Under Colorado law, tenants do have protections under more recent habitability statutes, which require landlords to repair roof leaks, cracked windows, broken heaters or water; otherwise, a tenant may break their lease early at no cost.

“I think Colorado law generally favors the landlord,” Kermode added. “That doesn’t mean tenants don’t have rights, but they are asking to live in somebody else’s property.”

Another area of law where tenants have some leverage is with security deposit refunds. If a landlord does not intend to refund the security deposit, they must send out a notice within 30 to 60 days. Otherwise, a tenant may request three times the deposit in court if the landlord does not respond to a seven-day notice.

For landlords, Kermode suggested conducting background checks and requesting credit reports or verification of employment. Another issue to consider is the mix of tenants in one property.

“Think about how many unrelated individuals you want to rent to, because that’s also an issue,” Kermode said. “If a landlord’s gonna charge $2,000 a month for a two-bedroom unit, he should expect two to three individuals are going to rent it.”

Ultimately, for both landlords and tenants, the key is to not overlook important details in the rush to find or fill a property.

“If you’ve got a mortgage on your property, the tendency is to get it leased up as fast as you can,” Kermode said. “You should have prudent measurements in place.”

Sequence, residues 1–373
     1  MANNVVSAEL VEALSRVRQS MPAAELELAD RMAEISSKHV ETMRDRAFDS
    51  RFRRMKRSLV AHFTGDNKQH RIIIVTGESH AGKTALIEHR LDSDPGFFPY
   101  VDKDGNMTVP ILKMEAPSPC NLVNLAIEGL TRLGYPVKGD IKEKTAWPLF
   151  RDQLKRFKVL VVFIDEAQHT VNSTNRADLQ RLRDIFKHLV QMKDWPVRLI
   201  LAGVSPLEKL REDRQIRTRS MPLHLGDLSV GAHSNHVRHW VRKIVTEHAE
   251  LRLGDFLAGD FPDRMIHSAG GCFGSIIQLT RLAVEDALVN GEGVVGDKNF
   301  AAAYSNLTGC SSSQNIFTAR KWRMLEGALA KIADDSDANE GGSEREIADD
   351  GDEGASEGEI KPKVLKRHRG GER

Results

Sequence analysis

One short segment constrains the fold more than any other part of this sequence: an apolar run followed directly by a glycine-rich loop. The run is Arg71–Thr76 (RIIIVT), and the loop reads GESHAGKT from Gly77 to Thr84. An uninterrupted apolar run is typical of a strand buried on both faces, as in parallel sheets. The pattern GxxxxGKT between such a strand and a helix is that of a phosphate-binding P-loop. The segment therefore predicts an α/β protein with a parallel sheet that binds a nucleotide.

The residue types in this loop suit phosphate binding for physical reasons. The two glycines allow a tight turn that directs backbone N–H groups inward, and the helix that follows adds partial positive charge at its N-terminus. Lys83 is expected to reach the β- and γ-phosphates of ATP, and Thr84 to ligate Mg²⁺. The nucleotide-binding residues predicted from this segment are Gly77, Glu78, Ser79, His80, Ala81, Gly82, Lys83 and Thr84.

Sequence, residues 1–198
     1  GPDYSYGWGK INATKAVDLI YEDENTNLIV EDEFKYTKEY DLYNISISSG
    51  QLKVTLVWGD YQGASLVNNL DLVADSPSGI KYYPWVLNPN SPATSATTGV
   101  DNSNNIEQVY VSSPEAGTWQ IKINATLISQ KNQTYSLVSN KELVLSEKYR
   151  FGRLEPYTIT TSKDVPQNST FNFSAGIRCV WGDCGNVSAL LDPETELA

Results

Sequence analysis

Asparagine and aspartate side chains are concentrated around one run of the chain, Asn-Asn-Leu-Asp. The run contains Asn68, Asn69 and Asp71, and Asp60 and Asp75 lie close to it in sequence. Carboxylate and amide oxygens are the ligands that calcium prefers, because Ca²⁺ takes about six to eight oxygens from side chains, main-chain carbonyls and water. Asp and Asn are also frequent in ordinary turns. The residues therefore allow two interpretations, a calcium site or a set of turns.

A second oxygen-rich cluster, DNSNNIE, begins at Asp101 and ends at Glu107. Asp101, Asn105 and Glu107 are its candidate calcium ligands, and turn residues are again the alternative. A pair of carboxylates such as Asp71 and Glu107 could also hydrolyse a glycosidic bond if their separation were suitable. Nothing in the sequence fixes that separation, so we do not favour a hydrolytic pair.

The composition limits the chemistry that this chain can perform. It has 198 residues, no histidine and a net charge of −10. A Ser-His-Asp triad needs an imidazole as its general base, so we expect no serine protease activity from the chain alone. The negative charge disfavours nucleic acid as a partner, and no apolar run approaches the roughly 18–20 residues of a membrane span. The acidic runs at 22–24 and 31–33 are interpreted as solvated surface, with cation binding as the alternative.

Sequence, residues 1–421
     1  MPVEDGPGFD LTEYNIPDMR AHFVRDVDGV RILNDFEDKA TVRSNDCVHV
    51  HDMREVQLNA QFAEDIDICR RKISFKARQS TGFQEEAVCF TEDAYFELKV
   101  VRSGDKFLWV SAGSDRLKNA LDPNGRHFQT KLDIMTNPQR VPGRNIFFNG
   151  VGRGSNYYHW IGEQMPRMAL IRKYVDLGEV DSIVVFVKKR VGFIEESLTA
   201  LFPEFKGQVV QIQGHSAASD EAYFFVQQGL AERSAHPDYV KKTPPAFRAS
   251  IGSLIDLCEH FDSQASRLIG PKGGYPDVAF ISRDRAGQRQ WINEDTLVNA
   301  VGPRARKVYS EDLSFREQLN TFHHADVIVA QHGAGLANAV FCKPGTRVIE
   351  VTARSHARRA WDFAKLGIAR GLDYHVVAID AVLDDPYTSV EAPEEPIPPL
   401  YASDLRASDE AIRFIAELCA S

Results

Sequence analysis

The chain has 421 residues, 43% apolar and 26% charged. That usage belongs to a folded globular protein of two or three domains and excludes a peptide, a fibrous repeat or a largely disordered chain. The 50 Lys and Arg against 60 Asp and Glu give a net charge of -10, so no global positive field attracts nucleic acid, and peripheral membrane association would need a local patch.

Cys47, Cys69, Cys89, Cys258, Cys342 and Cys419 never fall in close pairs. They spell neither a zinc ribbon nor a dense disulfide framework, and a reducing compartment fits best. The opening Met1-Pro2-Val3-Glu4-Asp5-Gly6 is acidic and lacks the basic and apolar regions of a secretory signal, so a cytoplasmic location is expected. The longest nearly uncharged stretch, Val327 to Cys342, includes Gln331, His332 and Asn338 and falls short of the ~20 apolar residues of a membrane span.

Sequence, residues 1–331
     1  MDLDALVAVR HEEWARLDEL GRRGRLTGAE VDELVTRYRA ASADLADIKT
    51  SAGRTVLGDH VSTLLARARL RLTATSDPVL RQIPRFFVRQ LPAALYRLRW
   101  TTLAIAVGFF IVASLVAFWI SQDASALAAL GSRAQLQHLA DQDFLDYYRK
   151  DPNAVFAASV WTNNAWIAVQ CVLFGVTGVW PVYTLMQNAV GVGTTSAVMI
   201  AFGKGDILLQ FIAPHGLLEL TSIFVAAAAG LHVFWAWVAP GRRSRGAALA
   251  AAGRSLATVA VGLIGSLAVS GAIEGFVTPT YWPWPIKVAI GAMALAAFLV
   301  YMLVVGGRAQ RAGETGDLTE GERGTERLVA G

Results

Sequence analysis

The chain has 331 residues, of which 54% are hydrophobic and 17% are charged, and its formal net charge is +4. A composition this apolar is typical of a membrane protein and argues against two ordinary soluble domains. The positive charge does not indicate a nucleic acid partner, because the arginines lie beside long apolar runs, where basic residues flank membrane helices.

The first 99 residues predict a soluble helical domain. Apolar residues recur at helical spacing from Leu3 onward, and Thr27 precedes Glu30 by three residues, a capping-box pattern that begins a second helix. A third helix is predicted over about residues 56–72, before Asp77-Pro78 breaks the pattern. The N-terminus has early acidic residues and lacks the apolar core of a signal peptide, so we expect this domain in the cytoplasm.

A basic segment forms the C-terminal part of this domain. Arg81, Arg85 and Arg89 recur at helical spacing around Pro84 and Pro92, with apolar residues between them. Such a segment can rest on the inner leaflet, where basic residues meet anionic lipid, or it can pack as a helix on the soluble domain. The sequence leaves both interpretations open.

Between the FIRC’s courses and the cooperative Master Lease Program, the hope is to retain more properties as long-term rentals rather than being converted to short-term rentals or sold outright.

“There are a number of people who have been here this past winter and say they no longer have a place to live,” Kermode said. “We hear people saying, ‘do you have any place to rent? My landlord is terminating my lease early.’”

While the standard amount of time to notify a tenant of such a situation is usually 30 days, it all comes down to what is listed in the lease. If a landlord wants to raise the rent, or evict a tenant at the end of their lease for no reason, they must give yearlong tenants a three-month notice, for tenants of six months to a year a minimum of one month, one to six-month tenants at least 10 days, and tenants of a week to a month at least three days’ notice.

In the case of overstaying that time, rent that is past due or other violations of the lease, landlords must give tenants a three-day notice before they can be evicted.

In the face of an incredible lack of inventory, Bakken added many residents, even families, are crowding into spaces that are too small.

“We see a lot of overcrowding in apartments, situations that aren’t great for families,” he said. “They come to the forefront now because that space is so tight.”

The shortage of rooms is particularly tight in Summit County, but is also an issue statewide. Stepto added the problem is especially hard on families, seniors and disabled individuals.

“Because there’s a lack of affordable housing, people are not having their leases renewed,” Stepto said. “There’s really nothing a renter can do about that. …It’s putting a squeeze on a good chunk of the population.”